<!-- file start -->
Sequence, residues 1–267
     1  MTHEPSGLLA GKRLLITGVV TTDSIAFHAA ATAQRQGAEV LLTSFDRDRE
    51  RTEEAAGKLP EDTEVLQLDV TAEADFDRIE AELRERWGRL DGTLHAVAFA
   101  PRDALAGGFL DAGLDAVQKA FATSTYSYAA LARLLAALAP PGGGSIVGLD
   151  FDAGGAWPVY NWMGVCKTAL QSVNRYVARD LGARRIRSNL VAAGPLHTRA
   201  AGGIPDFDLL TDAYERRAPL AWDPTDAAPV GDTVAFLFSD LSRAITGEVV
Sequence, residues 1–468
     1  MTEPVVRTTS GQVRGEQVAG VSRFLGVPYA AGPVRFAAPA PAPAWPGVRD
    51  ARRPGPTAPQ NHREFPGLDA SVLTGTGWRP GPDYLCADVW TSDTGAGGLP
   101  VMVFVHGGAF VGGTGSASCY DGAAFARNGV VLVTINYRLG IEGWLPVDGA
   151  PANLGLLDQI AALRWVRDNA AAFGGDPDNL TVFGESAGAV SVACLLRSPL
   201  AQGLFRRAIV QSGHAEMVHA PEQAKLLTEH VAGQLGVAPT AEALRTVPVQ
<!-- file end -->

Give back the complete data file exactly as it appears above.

Sequence, residues 1–267
     1  MTHEPSGLLA GKRLLITGVV TTDSIAFHAA ATAQRQGAEV LLTSFDRDRE
    51  RTEEAAGKLP EDTEVLQLDV TAEADFDRIE AELRERWGRL DGTLHAVAFA
   101  PRDALAGGFL DAGLDAVQKA FATSTYSYAA LARLLAALAP PGGGSIVGLD
   151  FDAGGAWPVY NWMGVCKTAL QSVNRYVARD LGARRIRSNL VAAGPLHTRA
   201  AGGIPDFDLL TDAYERRAPL AWDPTDAAPV GDTVAFLFSD LSRAITGEVV
Sequence, residues 1–468
     1  MTEPVVRTTS GQVRGEQVAG VSRFLGVPYA AGPVRFAAPA PAPAWPGVRD
    51  ARRPGPTAPQ NHREFPGLDA SVLTGTGWRP GPDYLCADVW TSDTGAGGLP
   101  VMVFVHGGAF VGGTGSASCY DGAAFARNGV VLVTINYRLG IEGWLPVDGA
   151  PANLGLLDQI AALRWVRDNA AAFGGDPDNL TVFGESAGAV SVACLLRSPL
   201  AQGLFRRAIV QSGHAEMVHA PEQAKLLTEH VAGQLGVAPT AEALRTVPVQ